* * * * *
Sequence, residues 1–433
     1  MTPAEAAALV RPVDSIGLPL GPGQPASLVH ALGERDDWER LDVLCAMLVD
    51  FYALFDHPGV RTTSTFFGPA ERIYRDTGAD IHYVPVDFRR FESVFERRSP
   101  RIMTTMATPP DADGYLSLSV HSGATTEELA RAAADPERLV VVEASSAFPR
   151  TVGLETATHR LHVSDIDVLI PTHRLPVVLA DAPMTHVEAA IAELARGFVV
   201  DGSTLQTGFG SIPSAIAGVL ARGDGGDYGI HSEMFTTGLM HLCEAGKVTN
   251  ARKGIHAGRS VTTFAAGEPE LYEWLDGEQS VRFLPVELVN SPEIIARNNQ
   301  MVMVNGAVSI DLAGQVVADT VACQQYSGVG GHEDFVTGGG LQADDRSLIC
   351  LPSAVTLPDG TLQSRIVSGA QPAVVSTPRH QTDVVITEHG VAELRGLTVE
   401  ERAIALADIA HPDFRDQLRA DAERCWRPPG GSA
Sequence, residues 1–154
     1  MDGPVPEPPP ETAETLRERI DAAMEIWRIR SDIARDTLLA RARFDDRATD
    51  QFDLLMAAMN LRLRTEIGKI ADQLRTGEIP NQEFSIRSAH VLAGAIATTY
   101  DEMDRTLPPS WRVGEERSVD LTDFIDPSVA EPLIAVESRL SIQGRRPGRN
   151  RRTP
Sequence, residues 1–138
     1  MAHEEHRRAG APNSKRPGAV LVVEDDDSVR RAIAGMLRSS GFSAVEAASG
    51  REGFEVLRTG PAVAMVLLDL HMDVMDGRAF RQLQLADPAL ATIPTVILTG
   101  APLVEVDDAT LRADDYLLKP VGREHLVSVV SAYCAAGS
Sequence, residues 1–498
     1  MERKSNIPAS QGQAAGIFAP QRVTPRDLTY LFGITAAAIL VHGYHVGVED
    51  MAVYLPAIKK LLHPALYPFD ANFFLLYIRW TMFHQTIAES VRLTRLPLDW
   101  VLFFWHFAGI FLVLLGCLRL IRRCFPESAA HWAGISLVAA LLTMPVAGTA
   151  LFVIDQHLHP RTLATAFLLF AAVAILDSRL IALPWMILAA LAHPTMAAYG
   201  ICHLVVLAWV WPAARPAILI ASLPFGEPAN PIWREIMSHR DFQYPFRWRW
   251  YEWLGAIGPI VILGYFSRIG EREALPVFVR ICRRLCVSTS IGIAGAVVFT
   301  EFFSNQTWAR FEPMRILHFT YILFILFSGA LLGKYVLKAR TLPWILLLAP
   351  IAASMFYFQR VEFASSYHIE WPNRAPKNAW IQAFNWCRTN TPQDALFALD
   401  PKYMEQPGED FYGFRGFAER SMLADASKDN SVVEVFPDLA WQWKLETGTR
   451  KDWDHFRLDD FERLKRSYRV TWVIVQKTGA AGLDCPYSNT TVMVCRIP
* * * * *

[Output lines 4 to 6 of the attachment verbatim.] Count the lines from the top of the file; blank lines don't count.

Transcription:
   101  RIMTTMATPP DADGYLSLSV HSGATTEELA RAAADPERLV VVEASSAFPR
   151  TVGLETATHR LHVSDIDVLI PTHRLPVVLA DAPMTHVEAA IAELARGFVV
   201  DGSTLQTGFG SIPSAIAGVL ARGDGGDYGI HSEMFTTGLM HLCEAGKVTN